‘Baywatch’ MOVIE REVIEW: A Silly, Undeniably Riotous Crowd-Pleaser



Image via Frank Masi / Paramount Pictures

A kite surfer is hurled into the air before being slammed into the rocky shallows and swept out to sea. Mitch Buchannon (Dwayne Johnson) mans his tower, turns, drops his binoculars and hits the sand running. He throws his life preserver into the air and leaps into the ocean. He reaches into the swirly depths, scoops up the unconscious man, emerges from the water, and is accompanied by an enormous “Baywatch” title card rising from the wash like a U-boat.

It is an immediate wink to the audience, and a signal that we’re in for a facetious and deliberate satire. What follows is 2 hours of unapologetic ridicule, mindless action and relentless comedy.

By the time the Baywatch TV series had run its course, it had become a glorified soap opera, where blonde bimbos, hot bodies and dim-witted melodrama took precedence over quality. In adapting the series for the big screen, the film’s creators chose a sardonic approach and, following the tradition of other TV-to-film adaptations like 21 Jump Street and CHIPS, they have created a piss-take that is tenaciously funny, incessantly stupid and persistently entertaining.



Image via Frank Masi / Paramount Pictures

Johnson steps into the shoes (sorry, thongs/flip flops) previously worn by David Hasselhoff, and takes control of the screen like a pro. With a chiselled body that resembles a cluster of bowling balls, he bares no resemblance to the Mitch Buchannon of old, but sustains the same level of arrogance and self-righteousness. When his lifeguard station recruits three new rookies we are introduced to Matt Brody (Zac Efron), a disgraced athlete with a brain full of ego – and little else – whose own sculptured body looks like it’s come straight out of a Marvel comic. As their training begins the squad is thrown deep into a murder and narcotics investigation, and it is up to the Baywatch crew (not the cops) to solve the crime and catch the bad guy.

It is an awful and contrived narrative that drips with cliché and resembles the plot of a Police Academy movie. With their tongues planted firmly in their cheeks, writers Mark Swift and Damian Shannon have whittled a self-referential comedy that makes no apologies for being silly. Actually, their work on Baywatch is something of an oddity given that they previously wrote horror films Freddy vs. Jason and Friday the 13th. With seemingly little restraint, they twist the Baywatch institution into a crass and very adult-orientated comedy, and with all kinds of leaps, they have managed to – somehow – have the movie and TV series overlap.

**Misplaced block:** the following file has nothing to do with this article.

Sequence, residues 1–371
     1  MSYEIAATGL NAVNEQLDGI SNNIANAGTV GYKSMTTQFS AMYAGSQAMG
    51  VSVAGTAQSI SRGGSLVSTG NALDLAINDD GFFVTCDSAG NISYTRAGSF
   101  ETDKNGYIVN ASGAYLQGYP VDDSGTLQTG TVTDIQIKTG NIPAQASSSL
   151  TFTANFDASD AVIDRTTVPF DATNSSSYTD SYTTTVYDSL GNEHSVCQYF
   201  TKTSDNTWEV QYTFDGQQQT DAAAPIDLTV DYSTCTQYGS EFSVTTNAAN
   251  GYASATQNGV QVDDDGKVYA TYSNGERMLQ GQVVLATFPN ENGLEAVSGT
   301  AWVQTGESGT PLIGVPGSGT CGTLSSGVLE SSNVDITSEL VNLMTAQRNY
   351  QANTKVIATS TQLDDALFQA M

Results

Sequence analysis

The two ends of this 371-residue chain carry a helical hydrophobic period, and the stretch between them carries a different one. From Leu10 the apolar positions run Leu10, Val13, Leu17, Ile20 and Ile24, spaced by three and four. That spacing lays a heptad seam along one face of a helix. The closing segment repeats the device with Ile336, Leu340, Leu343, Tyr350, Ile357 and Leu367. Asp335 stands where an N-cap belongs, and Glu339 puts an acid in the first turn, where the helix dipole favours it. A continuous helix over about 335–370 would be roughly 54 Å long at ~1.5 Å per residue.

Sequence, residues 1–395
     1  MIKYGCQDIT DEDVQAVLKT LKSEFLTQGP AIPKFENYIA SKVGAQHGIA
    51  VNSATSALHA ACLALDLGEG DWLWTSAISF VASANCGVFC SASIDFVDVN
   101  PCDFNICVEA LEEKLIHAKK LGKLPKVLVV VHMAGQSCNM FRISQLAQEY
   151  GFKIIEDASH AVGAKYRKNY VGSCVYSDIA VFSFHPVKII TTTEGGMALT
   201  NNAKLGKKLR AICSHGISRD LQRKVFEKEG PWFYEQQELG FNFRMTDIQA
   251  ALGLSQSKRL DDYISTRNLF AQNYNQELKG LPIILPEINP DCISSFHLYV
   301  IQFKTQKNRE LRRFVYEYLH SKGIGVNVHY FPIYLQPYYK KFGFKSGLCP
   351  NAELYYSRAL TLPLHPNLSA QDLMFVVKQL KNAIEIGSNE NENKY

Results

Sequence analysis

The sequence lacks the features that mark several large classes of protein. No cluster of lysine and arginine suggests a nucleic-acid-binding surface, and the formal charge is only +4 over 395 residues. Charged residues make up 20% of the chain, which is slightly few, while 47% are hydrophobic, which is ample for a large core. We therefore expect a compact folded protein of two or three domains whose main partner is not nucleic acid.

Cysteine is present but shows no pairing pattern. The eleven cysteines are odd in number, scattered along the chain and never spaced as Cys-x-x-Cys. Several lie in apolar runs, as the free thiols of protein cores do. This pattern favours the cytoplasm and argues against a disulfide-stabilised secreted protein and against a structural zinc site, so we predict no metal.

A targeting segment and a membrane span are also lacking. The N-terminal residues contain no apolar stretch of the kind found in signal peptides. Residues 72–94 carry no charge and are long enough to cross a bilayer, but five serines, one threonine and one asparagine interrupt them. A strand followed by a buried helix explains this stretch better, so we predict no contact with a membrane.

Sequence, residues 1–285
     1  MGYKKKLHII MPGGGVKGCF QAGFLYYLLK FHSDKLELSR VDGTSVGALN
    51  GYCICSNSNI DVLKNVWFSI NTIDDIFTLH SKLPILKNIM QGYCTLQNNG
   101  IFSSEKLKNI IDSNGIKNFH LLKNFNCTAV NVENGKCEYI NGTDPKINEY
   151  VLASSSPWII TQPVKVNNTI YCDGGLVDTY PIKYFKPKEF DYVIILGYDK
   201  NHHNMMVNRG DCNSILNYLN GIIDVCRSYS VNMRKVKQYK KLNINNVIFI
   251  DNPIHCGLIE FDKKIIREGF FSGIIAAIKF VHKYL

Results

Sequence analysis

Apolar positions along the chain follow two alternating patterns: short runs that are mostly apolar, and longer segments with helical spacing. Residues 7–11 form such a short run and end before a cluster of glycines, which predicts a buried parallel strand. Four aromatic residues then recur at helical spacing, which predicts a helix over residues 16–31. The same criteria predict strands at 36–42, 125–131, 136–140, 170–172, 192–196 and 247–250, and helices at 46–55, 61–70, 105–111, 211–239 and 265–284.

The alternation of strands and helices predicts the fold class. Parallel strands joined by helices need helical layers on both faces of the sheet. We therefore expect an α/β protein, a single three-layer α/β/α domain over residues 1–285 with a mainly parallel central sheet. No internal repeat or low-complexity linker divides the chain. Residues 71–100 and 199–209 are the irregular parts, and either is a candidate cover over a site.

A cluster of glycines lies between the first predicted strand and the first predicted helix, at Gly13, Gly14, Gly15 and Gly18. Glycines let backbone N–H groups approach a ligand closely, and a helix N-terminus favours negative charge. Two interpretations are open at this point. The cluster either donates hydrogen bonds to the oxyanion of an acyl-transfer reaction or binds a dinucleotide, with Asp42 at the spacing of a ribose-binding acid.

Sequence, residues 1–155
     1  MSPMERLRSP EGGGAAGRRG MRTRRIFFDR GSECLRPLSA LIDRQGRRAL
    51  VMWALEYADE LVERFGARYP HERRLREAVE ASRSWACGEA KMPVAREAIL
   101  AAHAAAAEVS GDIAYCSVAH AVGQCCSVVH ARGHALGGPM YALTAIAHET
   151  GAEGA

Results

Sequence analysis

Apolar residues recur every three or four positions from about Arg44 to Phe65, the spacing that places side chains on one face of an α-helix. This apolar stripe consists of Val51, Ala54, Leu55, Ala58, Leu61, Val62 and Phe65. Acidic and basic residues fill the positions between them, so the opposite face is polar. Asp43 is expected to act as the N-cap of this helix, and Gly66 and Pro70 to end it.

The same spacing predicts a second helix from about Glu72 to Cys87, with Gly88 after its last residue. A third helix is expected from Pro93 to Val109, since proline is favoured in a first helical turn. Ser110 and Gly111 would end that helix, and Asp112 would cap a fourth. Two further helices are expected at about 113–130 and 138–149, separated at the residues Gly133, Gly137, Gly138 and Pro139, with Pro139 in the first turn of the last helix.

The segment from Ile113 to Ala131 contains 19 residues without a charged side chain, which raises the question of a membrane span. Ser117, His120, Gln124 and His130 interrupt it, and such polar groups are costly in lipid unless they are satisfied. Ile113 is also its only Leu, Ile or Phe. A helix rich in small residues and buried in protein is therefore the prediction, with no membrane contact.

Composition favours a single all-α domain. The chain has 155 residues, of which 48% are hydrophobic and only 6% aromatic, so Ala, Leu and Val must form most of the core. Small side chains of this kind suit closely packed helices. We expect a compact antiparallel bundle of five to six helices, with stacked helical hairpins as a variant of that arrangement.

The crux of the comedy relies on the common sentiment that the original series was melodramatic and dumb, and features a recurring gag of the lifeguards assuming more authority than they actually have. The Baywatch team (particularly Mitch) are oblivious to the limits of their duty, while the characters surrounding them, such as the police and local businesses, have a clear understanding of jurisdiction. This ongoing motif – while overdone at times – keeps the humour in check, while the rest of the comedy unfolds around them in hysterical fashion.

Image via Frank Masi / Paramount Pictures

Johnson and Efron lead the cast effortlessly and fully embrace the nature of the material. Their dynamic (bromance) is fun to watch and they have a great rapport with each other. The supporting cast is decent too, with Alexandra Daddario, Kelly Rohrbach, Ilfenesh Hadera and Jon Bass making up the rest of the crew. Bass is particularly effective in what is a strange case of comic relief within a spoof. He provides the awkward chubby archetype character to counter-balance all of the beauty and brawn that occupies the rest of the screen.

Baywatch is not a great film by any means. Its 120-minute run time does it a massive disservice and contributes to a sense of comedy fatigue in the final act. The baddie of the story (played by Priyanka Chopra) is poorly conceived and without much worth, and while having the typical Bond-esque villain be a woman is a welcome flip on the convention, her place within the story isn’t taken advantage of. In fact, less of her would have served the story better, as would have 30-minutes cut from the overall duration.

Nevertheless, these are but small qualms to what is an otherwise energetic, riotous and clever satire. It features boobs and abs aplenty, making it the ultimate perve fest for anyone and everyone who sees it. And with a killer soundtrack to back it all up, Baywatch ought to be a crowd-pleaser… and I’ll be damned if it isn’t.

THE REEL SCORE: 7/10